Water Energy Systems Integration Urban Design Challenge

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As the world’s population continues to grow, how do we ensure cities are more sustainable, resilient, and resource efficient?

These questions, coupled with the challenge of integrating water and energy systems into city infrastructure, guide the week-long Water-Energy Integrated Systems Urban Design Challenge (WEUDC) hosted by Steve Conrad, associate professor of systems engineering.

The WEUDC is an interdisciplinary simulation gaming concept that helps actors discuss opportunities for future plans and integration of water and energy systems in cities. The WEUDC is an exercise whereby participants are guided through development of urban renewal project largely with mixed residential and commercial elements. Participants receive specific parameters for a development site and are asked to design a next-generation, leading sustainable development incorporating extensive integrated water and energy management approaches to cover the community needs. Participants are also expected to create great places for people to live and play.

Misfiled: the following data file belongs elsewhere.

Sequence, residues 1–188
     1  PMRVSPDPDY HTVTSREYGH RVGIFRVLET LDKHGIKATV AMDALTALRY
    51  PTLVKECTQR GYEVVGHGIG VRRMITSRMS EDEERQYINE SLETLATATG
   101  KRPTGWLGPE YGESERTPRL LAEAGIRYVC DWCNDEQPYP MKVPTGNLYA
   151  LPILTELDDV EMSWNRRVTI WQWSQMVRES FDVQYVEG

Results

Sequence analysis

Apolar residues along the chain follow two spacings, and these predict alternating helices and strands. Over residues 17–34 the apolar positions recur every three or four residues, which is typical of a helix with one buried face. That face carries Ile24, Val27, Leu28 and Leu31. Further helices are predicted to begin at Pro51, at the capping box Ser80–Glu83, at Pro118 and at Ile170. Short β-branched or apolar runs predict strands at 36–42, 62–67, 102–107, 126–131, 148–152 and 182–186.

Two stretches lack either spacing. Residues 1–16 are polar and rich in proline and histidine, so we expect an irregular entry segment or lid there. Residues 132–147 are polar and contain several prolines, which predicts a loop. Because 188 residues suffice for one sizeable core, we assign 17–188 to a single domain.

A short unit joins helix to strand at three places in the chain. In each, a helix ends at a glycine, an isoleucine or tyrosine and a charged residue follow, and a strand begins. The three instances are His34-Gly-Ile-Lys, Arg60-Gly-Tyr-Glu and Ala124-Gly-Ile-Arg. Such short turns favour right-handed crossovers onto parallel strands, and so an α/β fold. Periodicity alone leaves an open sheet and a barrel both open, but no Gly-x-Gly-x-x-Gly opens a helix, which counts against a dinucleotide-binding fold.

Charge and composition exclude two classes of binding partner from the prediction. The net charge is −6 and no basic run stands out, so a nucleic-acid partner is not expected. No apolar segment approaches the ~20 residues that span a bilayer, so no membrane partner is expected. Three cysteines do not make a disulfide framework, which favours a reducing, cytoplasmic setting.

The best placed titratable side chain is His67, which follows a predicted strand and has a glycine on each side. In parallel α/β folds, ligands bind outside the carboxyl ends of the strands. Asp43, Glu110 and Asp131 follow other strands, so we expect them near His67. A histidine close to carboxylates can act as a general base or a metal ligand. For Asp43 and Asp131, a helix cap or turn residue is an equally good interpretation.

The second Colorado State University UDC took place May 15 – 19, 2023 at the Powerhouse Energy Campus and brought together students from across campus and local industry partners for a hands-on challenge. 

2023 Challenge themes

1. Low impact water systems – innovative solutions are needed to manage and minimize surface water flows from and within urban developments. How do we develop systems that that use or mimic natural processes to manage the infiltration, evapotranspiration or use of water flows in order to address impacts on water quality and associated natural habitats?

2. Regenerative energy systems – Regenerative energy systems challenge the paradigm of energy supply and demand to create net positive energy communities. How can we look the synergies of renewable energy, circular systems, grids, building systems, and energy recovery to create energy contributing communities?

3. Circular land use – Circular land use management primarily focuses exploiting the potentials of existing structures and reusing built land. How can we work to reduce the demolish and rebuilt cycle of construction and look to circular reuse systems.

Intersecting all these themes is a need to develop smart and connected communities to enable innovate solutions, 

Contact Information:

Associate Professor Steven Conrad


 Schedule and Speakers

Challenge Resources